Your brand-new HD smart TV came with instructions, as did your latest upgrade to the iPhone X. Even the Lurvig cat house from IKEA’s new pet line has a booklet of instructions. Your finances, on the other hand, offer no such luxury. You’re expected to manage your money with absolutely no understanding of the rules.
Left to your own devices, you may not handle your cash with as much poise as you had hoped for. If you’re tired of wondering why you aren’t saving as much as you want, it’s time you teach yourself how to manage your money like a boss. Check out these simple rules, and see how easy it is to keep your finances in check.
- Break down your budget properly
The foundation of your finances relies on a well-made budget. How you arrive at this financial plan differs from person to person, but experts recommend you do more than just compare your income to your expenses. While this is a great first step at understanding your finances, it doesn’t do enough to prepare you for the future.
Financial experts suggest you follow some variation of the 50–30–20 Rule. The original 50–30–20 Rule offered a way to organize your budget using three basic categories: your necessary expenses, savings, and fun money.
The first category should use roughly 50 percent of your income, so things like rent, utilities, and insurance payments take up most of your paycheque. The second category should use 30 percent of your income to create savings or contribute to investments, while the remaining 20 percent is your fun money—the cash you can spend on tickets to Ed Sheeran or that daily double double.
It was first used decades ago. Since then advisors suggest tweaking its percentage breakdown to account for wage stagnation, the rising cost of living, and inflation. Some recommend a 60–20–20 Rule, while others advocate a simpler 80–20 breakdown. The latter’s 20 percent goes towards savings, and the other 80 percent should cover every other expense.
Choose the one that best fits your finances.
- Pay off the right debt first
In September, The Globe and Mail reported Canadian household debt has risen to $2.08 trillion — a new record high. According to Equifax, that means the average Canadian owes $22, 081 in consumer debt, through lines of credit, student and payday loans, and mortgages. With statistics like this, paying off debt is a priority for most people.
Though it may seem like a good idea to tackle the biggest outstanding loan in your name, you’ll want to consider its APR first. When it comes to loans, size isn’t everything. Compound interest and other fees can increase how much you owe. Those debts that have high interest rates will generate more debt the longer you have it faster than those with lower rates.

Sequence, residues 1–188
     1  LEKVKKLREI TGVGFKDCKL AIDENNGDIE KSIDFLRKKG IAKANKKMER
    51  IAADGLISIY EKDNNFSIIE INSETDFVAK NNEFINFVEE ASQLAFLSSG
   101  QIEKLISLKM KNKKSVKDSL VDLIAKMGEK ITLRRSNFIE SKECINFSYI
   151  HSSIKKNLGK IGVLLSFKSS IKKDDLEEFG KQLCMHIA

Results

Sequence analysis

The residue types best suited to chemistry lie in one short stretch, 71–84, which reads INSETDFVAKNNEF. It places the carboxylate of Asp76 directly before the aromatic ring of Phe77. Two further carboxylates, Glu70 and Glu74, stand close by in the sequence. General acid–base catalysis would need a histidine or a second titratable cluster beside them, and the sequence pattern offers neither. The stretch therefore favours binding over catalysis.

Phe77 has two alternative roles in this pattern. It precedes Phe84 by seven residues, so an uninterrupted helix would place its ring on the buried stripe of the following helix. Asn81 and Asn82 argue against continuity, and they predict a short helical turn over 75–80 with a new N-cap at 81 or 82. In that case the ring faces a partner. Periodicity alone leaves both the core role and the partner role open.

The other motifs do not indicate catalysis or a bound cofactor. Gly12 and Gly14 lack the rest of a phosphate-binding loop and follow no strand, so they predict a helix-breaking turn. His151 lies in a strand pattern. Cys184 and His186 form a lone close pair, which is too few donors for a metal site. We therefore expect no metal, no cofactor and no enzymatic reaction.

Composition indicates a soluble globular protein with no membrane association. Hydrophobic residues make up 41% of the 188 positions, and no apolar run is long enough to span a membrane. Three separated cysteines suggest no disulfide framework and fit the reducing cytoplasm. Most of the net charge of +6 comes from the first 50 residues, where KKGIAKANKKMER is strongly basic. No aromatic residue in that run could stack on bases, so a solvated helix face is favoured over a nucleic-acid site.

Compared to student or auto loans, your credit cards and online payday loans have higher APRs. Your student loan can wait, especially if you qualify for repayment assistance. But if you’ve taken out a MasterCard or payday loan online, the government won’t help you repay these. While they may be the best options for eliminating debt in the face of a cash shortage, you should aim to repay them back quickly, before any other loan.
- Save enough for retirement
Being able to retire in comfort is a real concern for most Canadians but many aren’t sure how they can prepare for the future.
Financial experts recommend you save 10–12 times your annual gross income in preparation for your retirement. Making regular contributions into your savings account isn’t enough to get you there. Even the average high interest savings account barely covers the rate of inflation—which means you’re not earning the full purchasing power of your dollar.
If you want savings to work in your favour down the line, you’ll have to use specialized accounts and other investments to help. Speak with an advisor to learn about your mutual fund, RRSP, and tax-free savings account options. You’ll also want to investigate ETFs (or Exchange Traded Funds), stocks, or robo-advisors to see if these products will help you reach the recommended 12 times your income.
Teaching yourself any new skill will take time, effort, and determination. Mastering your finances is no different. It will be a challenge, but it’s one worth the work. Once you teach yourself the ropes, adding to the rules you’ve learnt here today, you can start managing your money like a pro.